Ons Klyntji is a South African zine published in both Afrikaans and English. The 2023 issue of the zine is out and it is absolutely stunning. Read on to find out about the history and significance of this zine.
Ons Klyntji (the name translates to “Our Little One”) is a bilingual zine run by a collective of editors. It includes poems, short stories, and graphics (visual art like photos and illustrations) in each issue. Although it is largely bilingual, at times they also publish other languages such as Dutch, Polish, and other South African languages like Sesotho.
Ons Klyntji was originally founded in 1896 by the early pioneers of the Afrikaans language in South Africa, to promote Afrikaans as a written language and to give the language a space in the political landscape of the time. However, the zine’s real origins are in the 1990s, when alternative singer-songwriter and author Koos Kombuis resurrected the title in an ironic way and created a true zine, home-made, stapled and stuck together. The zine featured some of his own writing as well as other alternative voices of the time, often humorous and satirical.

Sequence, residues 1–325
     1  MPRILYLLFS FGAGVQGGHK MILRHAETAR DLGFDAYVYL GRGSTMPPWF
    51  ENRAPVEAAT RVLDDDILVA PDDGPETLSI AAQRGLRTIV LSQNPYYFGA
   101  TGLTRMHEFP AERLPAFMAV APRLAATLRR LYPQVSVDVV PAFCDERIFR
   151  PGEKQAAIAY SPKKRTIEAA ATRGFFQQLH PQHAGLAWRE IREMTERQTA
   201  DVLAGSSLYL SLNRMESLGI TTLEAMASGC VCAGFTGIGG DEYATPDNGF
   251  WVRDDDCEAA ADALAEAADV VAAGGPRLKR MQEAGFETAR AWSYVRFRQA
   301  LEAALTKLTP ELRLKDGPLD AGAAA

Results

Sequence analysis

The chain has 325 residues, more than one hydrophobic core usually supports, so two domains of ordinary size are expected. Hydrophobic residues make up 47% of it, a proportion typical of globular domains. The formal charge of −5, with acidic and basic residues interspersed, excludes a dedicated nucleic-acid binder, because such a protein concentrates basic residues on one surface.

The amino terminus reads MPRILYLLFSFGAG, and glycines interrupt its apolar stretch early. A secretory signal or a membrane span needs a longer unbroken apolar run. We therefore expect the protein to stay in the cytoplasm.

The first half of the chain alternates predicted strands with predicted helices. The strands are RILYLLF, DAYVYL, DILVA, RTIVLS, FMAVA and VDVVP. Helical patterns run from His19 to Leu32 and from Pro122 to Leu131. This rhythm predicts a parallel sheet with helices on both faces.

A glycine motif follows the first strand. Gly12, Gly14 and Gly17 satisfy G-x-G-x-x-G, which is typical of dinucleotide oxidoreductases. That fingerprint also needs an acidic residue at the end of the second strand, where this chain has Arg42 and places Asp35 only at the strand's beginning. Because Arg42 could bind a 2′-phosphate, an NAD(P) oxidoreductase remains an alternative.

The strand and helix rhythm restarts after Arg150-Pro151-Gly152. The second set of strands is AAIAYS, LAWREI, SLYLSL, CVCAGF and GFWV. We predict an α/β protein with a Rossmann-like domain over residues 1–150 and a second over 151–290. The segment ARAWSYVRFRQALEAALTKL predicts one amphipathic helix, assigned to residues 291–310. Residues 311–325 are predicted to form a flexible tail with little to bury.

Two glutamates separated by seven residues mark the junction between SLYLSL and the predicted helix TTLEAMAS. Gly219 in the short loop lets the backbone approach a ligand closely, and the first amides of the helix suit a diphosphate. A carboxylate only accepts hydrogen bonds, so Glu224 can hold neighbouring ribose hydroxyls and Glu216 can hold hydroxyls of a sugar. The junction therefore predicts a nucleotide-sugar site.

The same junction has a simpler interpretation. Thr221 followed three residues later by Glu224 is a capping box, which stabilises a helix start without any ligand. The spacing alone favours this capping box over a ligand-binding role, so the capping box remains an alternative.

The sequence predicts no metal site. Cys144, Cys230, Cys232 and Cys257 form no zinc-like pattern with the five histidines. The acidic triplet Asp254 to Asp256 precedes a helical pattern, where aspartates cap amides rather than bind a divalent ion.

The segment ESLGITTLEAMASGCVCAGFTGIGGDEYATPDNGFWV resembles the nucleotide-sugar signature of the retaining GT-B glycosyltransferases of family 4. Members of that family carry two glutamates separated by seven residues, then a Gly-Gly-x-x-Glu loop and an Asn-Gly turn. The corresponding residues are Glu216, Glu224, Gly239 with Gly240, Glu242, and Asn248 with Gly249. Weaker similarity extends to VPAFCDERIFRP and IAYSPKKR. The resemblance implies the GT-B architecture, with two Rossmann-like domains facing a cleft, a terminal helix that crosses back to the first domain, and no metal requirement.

We got the chance to chat with current co-editor Toast Coetzer, who reported coming across the zine in the late 1990s when he got published there:
Kombuis would sell these A5-sized zines at this shows and this is how myself and Erns Grundling discovered it. We were both students in the late 1990s in the Eastern Cape province of South Africa, and big Koos Kombuis fans. We sent our own early poems to Ons Klyntji and got a real kick out of being published in the zine. Kombuis must have recognised how keen we were and by about 2000 asked whether Erns and I wanted to take over the zine since he wanted to move on to other projects.